• Daniela Fernández aka Strawberry Shortcake

Don’t Blame it on Fashion Edition 2: Your identity is your business


You're not obliged to demonstrate androgyny, femininity, or anything in between. The gender spectrum rides a roller coaster that can lead us into and out of misgendering others and ourselves. Fashion and presentation of oneself is about expression and identity; however, it does not grant permission to anyone to make assumptions about your labels or lack thereof: your identity is your business.



Speaking of labels, junior Phia O’Gorman (they/she) says, “I prefer labels. I do present feminine. I do it because I want to feel comfortable and pretty, but I also present androgynous if I feel like it, but people still see me as feminine.” Humans are not simple beings, yet they associate people with their most common presentation as though it cannot change. O’Gorman’s quote exposes the fear of false impressions gender non-conforming people experience. To address the privilege of cisgender men as a feminine presenting woman is dangerous, yet possibly more so for those people who do not fit in the fragile female ideal. A lack of femininity makes it increasingly difficult, yet not impossible, for the patriarchy to sexualize people, therefore initiating disorientation for conventional male nonsense.


Contrary to O'Gorman’s perspective, I feel restricted by labels and strive to religiously reject the system that degrades me as a human because of my identity. The patriarchal society enforces and defines femininity as weak and delicate, hence my deliberate attempt to demonstrate my powerful voice and body counteracting the stereotypical femininity. I find dressing and presenting traditionally feminine satisfies my desire for validation and acceptance. Women are expected and encouraged to appear attractive to the male gaze, and often feel validated when they are perceived as beautiful by the male audience. Correspondingly, women are primarily verified as women when they are feminine, delicate, and beautiful, therefore, I feel uniformity in my presentation.

You don’t owe anyone an explanation.

My choice to avoid labels remains unwavering to enforce correct pronoun use and gendering. I adopt an identity as a woman with specific pronouns (she/they), while simultaneously being uninterested in labels in association with the sex, gender, pronouns, and sexuality I identify with. By reason of my feminine presentation and female sex, I have undergone my percentage of discrimination and regularly favor an escape from the box that labels designate. As a result of my “bimbo” presentation, the male gaze keeps me feeling objectified yet adored. And to address my reference to the “bimbo” presentation I declare that it is time for women to take back the derogatory terms placed upon us. Both a “bimbo”, an attractive yet incoherent young woman, and a “slut”, a woman with many casual sexual partners, have negative connotations. Referring to myself as someone with a bimbo or “slutty” presentation, with a “girly” frivolous style allows me to derive power from the patriarchal system and push back against the connotations of those terms with no shame. I prefer to choose who I want to be each day, whether I push the dress code with my provocativeness or not. I want to make it as laborious as possible for any man, or the misogynistic system we live in, to degrade me.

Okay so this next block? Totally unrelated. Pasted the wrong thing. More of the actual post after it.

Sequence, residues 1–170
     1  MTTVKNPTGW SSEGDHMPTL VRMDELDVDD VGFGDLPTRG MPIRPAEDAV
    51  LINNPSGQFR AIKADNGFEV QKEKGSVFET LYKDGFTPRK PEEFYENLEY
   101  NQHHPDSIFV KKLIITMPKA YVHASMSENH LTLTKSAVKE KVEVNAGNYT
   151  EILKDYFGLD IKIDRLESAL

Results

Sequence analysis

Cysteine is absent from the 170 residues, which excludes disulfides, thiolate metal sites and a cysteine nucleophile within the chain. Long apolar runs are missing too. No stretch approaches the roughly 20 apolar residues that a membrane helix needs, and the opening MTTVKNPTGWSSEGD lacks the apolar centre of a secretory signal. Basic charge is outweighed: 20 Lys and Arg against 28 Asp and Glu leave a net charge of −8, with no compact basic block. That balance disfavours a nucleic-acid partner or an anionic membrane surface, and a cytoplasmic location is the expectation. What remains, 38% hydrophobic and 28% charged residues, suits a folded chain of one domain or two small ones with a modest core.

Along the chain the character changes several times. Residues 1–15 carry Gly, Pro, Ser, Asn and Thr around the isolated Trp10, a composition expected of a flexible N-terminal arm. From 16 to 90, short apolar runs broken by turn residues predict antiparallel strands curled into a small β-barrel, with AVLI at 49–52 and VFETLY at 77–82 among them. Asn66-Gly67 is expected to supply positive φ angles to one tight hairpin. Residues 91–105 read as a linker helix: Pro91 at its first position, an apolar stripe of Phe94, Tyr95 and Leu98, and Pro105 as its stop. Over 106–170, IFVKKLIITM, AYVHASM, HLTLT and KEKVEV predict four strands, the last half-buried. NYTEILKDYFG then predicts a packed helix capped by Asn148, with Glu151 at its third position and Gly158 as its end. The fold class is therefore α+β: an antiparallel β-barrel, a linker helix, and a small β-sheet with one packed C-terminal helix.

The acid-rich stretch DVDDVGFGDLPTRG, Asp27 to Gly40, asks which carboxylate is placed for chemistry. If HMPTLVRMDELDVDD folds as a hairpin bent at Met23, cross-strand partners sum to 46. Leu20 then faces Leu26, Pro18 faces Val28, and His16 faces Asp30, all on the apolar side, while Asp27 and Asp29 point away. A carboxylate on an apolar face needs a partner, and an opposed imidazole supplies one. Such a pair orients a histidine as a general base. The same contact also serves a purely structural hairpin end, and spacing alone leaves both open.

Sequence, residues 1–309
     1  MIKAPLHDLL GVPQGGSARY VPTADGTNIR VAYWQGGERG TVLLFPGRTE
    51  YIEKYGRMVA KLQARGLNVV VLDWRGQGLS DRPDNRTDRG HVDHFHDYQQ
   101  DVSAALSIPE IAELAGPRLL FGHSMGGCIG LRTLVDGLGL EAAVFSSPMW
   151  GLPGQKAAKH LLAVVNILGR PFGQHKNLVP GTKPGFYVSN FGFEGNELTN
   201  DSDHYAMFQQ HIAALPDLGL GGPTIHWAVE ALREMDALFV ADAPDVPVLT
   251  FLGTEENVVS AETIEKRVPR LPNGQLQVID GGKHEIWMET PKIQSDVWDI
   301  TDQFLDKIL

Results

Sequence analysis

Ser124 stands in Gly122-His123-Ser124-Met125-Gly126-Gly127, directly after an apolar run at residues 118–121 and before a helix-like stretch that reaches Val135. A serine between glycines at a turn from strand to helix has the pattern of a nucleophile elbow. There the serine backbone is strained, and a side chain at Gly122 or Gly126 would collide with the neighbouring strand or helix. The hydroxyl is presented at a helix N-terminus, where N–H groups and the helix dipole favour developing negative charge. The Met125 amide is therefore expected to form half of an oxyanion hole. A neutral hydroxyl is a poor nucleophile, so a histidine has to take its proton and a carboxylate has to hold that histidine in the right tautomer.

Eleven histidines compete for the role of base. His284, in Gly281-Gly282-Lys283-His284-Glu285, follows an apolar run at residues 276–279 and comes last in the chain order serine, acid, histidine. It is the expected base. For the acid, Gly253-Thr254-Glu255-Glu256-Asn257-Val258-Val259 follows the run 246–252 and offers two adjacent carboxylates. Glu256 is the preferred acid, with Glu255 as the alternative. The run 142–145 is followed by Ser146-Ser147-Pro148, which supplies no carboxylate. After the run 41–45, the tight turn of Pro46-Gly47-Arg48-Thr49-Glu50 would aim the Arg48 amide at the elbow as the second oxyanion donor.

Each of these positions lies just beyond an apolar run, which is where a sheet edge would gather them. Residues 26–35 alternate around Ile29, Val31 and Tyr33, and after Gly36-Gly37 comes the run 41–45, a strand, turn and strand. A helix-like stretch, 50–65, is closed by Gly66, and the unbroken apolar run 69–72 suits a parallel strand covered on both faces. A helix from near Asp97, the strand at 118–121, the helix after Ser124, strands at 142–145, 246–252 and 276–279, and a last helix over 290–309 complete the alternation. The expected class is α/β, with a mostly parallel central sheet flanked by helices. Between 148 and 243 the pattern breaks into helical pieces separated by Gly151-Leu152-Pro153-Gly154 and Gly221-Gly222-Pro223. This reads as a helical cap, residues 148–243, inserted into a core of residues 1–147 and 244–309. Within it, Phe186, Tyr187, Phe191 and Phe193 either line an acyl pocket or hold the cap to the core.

In a system of gender binarism, gender and sexual identity can be hard concepts to grasp. Numerous cultures and social environments have yet to accept or even understand equal rights for those on the non-traditional sides of the gender and sexuality spectrum. Interest and accessibility can be sparse due to an imperative focus on social and fiscal survival. For instance, my Latino culture, including the majority of my family, widely nurtures and welcomes faith in Christianity. Christianity is notorious for not separating church and state, influencing governments around the world. In my experience, Christian/Catholic Latinos lack tolerance and acceptance of modern gender terminology and behavior. However, many privileged white cisgender people also choose ignorance against identity acceptance, rejecting chances to update their education about gender. Religion, political beliefs, and misinformation can create generational ignorance. As a result, the lack of self-discovery in young people in these disadvantaged or insensitive communities manifests as confusion and low self-esteem.


Many dismiss teens' physical appearance and interests as mere phases. I heard a typical freshman cisgendered (he/him) boy actually say, “I never thought [fill in the gender/sexuality/pronoun] was weird because it made sense to me. People around me were not necessarily on the binary, it was just how people were.” This was music to my ears yet it reminded me of how uncommon an accepting freshman boy is, and how effortless it is for majority groups to “not care.” Unfortunately, the abnormality of a accepting mind persists in the patriarchy that does not deem assisting those with fewer rights as respectable.


As much pressure as each of us receives to fit a predetermined gender and sexuality presentation, society will not accept you as yourself and will discriminate regardless. Come what may — a male with nail polish and a crop top or a woman dressed like Adam Sandler (trashy athletic clothing) — your body and identity are yours and not their business. However, safety is essential; therefore, be aware that not everyone has reached the enlightened acceptance of gender variation we hope to see.


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